For many Oshawa residents, baseball is more than just a game.
For some, it’s a family affair, a way to volunteer, or time out in the nice summer weather playing a game they love.
But for others, it’s a religion.
This year, Baseball Oshawa is celebrating its 70th anniversary. The organization was founded in 1949, and the Second World War had ended only a few years earlier. Tensions were beginning to run high between the worlds two biggest super-powers: the U.S. and Russia.
So what could people do? They needed an escape.
People turned in many directions – to hobbies, religion or the like. But some turned to baseball, and thus, Baseball Oshawa was born.
Originally called the Oshawa Legion Minor Baseball Association, Baseball Oshawa has been celebrating the milestone anniversary throughout the season.
“That includes everything from crest branding the logo on the uniforms, to celebrating our history – that’s mainly what we’ve been trying to do,” says Ken Babcock, president of Baseball Oshawa.
It started with several events early on in the season such as Baseball Day and a reunion.
“We also directed our uniforms to include a 70th anniversary look,” he says. “It went to a baby blue retro uniform which was prominent for years when major league teams wore baby blue. It’s been a big hit – we might even keep it for a couple of years because people like it so much.”
The organization has been running a social media campaign where they post historical articles written about the organization.
These articles share stories about triumphant wins, stand out players, and some of the city’s greatest teams.
According to Babcock, the articles go all the way back to the 1950s.
Babcock is looking forward to the 15U baseball national championships, which are to be held in Oshawa this year.
“The best 15-year-old kids in the country will be in Oshawa, and that’s pretty exciting,” he says.
Some special events that have already happened, include a recognition night for three of the city’s most successful teams.
“The 20th anniversary, the 25th anniversary and 35th anniversary of three teams that won Ontario championships,” says Babcock. “It was a really special night at the stadium.”
Being a storied organization, Babcock says he is trying to figure out exactly how many championships Baseball Oshawa has won, but hasn’t squared up the exact figure yet.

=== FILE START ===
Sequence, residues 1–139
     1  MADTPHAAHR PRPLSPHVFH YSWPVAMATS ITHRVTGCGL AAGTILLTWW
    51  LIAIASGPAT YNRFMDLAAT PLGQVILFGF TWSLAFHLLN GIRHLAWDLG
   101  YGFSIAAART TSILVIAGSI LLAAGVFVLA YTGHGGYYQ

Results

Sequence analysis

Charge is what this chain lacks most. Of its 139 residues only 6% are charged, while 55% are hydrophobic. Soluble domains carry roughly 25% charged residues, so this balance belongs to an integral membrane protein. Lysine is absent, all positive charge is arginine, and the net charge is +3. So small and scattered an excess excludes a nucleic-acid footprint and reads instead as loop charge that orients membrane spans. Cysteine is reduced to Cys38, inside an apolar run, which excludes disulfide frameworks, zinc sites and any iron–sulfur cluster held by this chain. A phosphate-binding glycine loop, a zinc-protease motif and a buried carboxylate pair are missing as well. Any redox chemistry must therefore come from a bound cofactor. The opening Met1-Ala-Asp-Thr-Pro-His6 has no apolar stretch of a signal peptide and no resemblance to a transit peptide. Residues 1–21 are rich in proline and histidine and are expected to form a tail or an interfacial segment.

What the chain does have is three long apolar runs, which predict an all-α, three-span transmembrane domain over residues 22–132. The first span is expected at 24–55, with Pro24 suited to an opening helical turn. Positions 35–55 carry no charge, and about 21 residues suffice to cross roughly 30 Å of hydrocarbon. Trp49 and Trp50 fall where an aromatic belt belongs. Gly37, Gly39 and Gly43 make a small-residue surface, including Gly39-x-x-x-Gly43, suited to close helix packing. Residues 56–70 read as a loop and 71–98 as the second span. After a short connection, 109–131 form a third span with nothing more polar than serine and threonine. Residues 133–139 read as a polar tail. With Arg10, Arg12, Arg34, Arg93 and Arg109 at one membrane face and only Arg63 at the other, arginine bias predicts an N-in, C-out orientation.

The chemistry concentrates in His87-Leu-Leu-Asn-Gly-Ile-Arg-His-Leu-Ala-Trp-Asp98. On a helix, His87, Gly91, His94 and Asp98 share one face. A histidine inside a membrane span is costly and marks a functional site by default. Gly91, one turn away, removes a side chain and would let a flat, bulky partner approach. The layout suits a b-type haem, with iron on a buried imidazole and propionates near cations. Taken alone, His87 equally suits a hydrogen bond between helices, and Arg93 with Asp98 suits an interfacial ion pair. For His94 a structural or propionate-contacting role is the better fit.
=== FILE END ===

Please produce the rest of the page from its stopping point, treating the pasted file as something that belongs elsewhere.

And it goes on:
“I know that it probably is closer to 40 than it is to 30, but I don’t know for sure,” he says. “We’re going to celebrate that when we find out what it is.”
Babcock says a total of 11 players in Baseball Oshawa’s history have been drafted, signed or scouted by Major League Baseball teams.
“We’ve had hundreds of kids go on to play ball on scholarships,” he adds.
Over that time, only one player from Oshawa has made it to the majors.
Andy Stewart made it to the show in 1997, where he played for the Kansas City Royals.
In eight at bats, the catcher had two hits, one of which went for a double.
He also played on Canada’s Olympic team in 2004 in Athens, Greece, where he hit .416.
Stewart also spent time coaching in the Toronto Blue Jays and Pittsburgh Pirates organizations.
Baseball Oshawa hosts several tournaments in recognition of people of significance, such as Jim Lutton and Troy May, who died in a car accident in 2006.
Both Lutton’s number 13 and May’s number 20 have been retired by Baseball Oshawa.
Others to have their numbers retired include number zero Mark Orton, Ted McComb, (1), Ted Stone (10), Jim Shaw, (15), Bernie McGuire, (35), Doug Stone, (40), and Gary Carroll, (41).
Babcock sees big things for some players in the Baseball Oshawa organization.
“There’s a lot of good players,” he says. “Jacob Miller’s the latest ultra-talented player.”
Babcock notes Miller is only 16-years-old, but plays on the 18U team, where he leads the premier division with 41 RBIs.
Carter Arbuthnot has also stood out offensively. He leads the division with a .439 average and a .506 OBP.
Jamie May, son of Troy, currently coaches the 18U Elite squad and recently became the fastest coach in the Elite Baseball League of Ontario’s history to reach 100 wins.
May played for the Legionaires until he was 16, when he spent two years playing for the Ontario Blue Jays. He then came back and finished out his time as a player in Oshawa.
For him, playing for the Legionaires is special.
“My dad was pretty big into Baseball Oshawa… He passed away in 2006, and I’d say that’s one of the biggest things that got me into coaching,” says Jamie. “I was always around. He used to coach a lot of the Oshawa teams… he won a ton of championships with them and I used to always be at the field.”
Baseball Oshawa has been a huge part of Jamie’s life since he was a child.
“So that was how I grew up. I was at the field pretty much from when I was born until I could play, and then I did as soon as I could, so I’ve been living with baseball my entire life. It’s always been Baseball Oshawa too, that’s all I’ve known,” says Jamie.
Right now, two of the three Elite teams from Oshawa are in first place, with Jamie’s 18U squad going 13-4 in 17 games, the 16U squad has a 13-1 record, and the 15U team in third with a 13-6-1 record.
“We’ve enjoyed a really positive year, and just taking a step back and celebrating the anniversary,” says Babcock.
At the end of the day, Babcock says all they want is for the youngest residents to be able to put on a glove and a hat, and “just play baseball.”